12 Preparing for interpreting Preparing for interpreting Some funded agencies directly employ full-time or part-time interpreters where there is stable and significant demand in a given language. Before booking an interpreter, check if your organisation has an arrangement with a particular language service provider. Training staff All government and funded agencies responsible for delivering services and/or providing information to clients should provide staff with training on cultural competency and working effectively with interpreters. This training should be made available to all employees, from direct service staff to senior management. In Victoria, professional development on cultural competency and working effectively with interpreters is delivered by a variety of bodies. Contact the human resources or diversity unit of your department to find out if any training arrangements are in place. Collecting data for service planning Client and service usage data Regular collection of data on clients and their service usage enables: better understanding of their language needs; monitoring the accessibility of the services provided to people who speak other languages; and identification of potential language service gaps. A system to collect this data is particularly useful if a significant proportion of clients have limited English language proficiency. The Victorian Government Standards for Data Collection on Interpreting and Translating Services (www.multicultural.vic.gov.au) provide guidance on collecting data on language services, including client demographics, expenditure and complaints. 12 _ Office of Multicultural Affairs and Citizenship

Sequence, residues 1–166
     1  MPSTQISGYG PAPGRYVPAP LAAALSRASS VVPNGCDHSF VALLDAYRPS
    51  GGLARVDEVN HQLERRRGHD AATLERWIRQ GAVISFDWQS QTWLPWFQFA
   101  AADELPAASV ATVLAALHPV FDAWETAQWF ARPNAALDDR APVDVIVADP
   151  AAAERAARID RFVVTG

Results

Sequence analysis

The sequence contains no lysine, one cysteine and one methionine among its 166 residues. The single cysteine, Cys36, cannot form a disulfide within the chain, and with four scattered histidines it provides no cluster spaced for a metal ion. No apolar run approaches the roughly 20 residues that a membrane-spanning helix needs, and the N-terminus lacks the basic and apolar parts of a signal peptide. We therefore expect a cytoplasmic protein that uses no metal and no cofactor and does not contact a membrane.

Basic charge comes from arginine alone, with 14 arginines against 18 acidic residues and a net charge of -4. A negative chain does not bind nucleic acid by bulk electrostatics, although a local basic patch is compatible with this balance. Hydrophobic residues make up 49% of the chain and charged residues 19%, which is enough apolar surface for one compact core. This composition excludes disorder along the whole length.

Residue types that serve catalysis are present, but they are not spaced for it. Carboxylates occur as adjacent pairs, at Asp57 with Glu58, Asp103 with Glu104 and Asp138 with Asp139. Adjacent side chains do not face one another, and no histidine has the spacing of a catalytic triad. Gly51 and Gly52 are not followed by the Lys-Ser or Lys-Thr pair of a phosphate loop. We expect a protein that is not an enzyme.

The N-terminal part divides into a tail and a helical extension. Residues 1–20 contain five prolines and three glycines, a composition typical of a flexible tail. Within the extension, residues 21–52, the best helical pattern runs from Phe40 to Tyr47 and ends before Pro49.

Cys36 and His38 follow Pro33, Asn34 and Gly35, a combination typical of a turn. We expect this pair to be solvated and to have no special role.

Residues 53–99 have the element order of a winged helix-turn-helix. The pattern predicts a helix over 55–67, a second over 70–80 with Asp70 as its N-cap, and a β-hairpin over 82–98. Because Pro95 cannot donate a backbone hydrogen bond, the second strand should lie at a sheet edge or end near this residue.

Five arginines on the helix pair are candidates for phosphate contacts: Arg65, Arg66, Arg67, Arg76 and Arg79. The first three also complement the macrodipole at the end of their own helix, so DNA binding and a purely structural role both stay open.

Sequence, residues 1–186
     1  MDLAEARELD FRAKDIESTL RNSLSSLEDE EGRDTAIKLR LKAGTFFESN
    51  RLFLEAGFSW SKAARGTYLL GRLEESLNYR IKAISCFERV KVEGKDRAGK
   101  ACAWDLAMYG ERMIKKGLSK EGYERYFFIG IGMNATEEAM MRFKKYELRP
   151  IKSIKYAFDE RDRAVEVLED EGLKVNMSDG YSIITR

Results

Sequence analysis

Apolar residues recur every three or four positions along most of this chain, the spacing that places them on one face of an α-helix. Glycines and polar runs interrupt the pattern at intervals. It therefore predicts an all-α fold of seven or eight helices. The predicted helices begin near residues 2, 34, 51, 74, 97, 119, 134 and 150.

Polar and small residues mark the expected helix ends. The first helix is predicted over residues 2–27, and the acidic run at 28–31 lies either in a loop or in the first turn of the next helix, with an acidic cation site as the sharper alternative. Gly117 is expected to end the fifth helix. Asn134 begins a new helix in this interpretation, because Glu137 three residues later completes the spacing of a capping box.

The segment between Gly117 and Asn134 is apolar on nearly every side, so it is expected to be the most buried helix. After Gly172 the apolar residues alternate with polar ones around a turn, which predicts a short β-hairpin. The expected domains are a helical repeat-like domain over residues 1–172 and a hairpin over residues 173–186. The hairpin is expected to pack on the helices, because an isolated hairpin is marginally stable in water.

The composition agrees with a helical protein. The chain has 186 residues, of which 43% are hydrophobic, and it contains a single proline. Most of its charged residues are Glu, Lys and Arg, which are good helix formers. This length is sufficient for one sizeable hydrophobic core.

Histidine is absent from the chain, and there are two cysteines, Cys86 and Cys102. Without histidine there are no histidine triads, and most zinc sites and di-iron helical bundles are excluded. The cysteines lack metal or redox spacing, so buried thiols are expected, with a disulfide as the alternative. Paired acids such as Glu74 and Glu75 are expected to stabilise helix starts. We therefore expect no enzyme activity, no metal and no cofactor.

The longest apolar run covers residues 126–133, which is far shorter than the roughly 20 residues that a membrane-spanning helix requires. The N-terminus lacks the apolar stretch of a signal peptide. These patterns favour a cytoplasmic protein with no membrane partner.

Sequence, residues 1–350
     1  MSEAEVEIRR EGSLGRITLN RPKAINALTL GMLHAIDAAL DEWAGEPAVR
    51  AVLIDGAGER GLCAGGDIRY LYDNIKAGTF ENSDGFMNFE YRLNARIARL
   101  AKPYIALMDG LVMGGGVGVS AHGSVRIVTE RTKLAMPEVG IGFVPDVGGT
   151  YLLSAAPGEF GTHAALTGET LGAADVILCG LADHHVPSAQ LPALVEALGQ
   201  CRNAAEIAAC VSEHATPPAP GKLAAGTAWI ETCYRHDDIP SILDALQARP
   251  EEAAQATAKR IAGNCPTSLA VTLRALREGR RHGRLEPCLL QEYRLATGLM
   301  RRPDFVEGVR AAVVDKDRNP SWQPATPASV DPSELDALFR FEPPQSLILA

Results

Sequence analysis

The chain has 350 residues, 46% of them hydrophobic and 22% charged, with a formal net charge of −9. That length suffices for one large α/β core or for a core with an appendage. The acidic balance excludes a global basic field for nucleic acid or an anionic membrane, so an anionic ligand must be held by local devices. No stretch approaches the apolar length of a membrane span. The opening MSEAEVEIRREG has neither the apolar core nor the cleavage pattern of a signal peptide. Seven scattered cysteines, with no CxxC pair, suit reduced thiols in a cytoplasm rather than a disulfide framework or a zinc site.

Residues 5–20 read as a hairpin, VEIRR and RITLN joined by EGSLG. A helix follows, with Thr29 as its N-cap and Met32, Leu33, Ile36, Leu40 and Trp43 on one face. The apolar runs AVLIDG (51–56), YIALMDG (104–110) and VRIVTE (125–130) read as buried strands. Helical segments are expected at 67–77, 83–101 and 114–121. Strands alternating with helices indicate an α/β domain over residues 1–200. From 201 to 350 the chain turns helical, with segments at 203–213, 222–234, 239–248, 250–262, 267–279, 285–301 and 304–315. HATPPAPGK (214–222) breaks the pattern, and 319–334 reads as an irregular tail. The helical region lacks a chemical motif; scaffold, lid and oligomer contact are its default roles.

13 Demographic data Language spoken at home and the level of English proficiency are the most important factors to consider when planning for language services. Country of birth, whilst relevant, is an insufficient indicator of preferred language (see below). Demographic data can be accessed from various sources to help identify which language groups may require translations. The following sources are useful: Census data on cultural and linguistic diversity for Victoria is available by local government area including key indicators such as country of birth, language spoken at home, English proficiency and religion. The publication Population Diversity in Victoria: 2011 Census: Local Government Areas is available from The Australian Bureau of Statistics (ABS) website (www.abs.gov.au) provides data sets which can be used for targeted demographic analysis. Available data includes age, gender, place of residence, citizenship status, country of origin, ancestry, religion, language spoken at home, level of English proficiency (note this is self-assessed), level of education, level of income and access to the internet. For the most recent data on newly arrived migrants, see the Settlement Reporting Facility at which includes the number of migrants settling in Victoria, their country of birth, languages spoken, English proficiency, religion and year of arrival. By combining different data sources, a more accurate demographic picture can be obtained that reflects changes between Census periods. Promoting the availability of interpreters It is important that all government departments and funded agencies make it clear that interpreters are available to clients who require language assistance. All staff should be made aware of relevant language services policies and be adequately trained to work with interpreters. National Interpreter Symbol The National Interpreter Symbol is a nationallyrecognised symbol to indicate to people with limited English that they can ask for language assistance. Service providers are encouraged to display the symbol especially in client reception and contact areas and on their websites. Interpreter Symbol: Guidelines for Use can be downloaded from Preparing for interpreting _ 13 Using Interpreting Services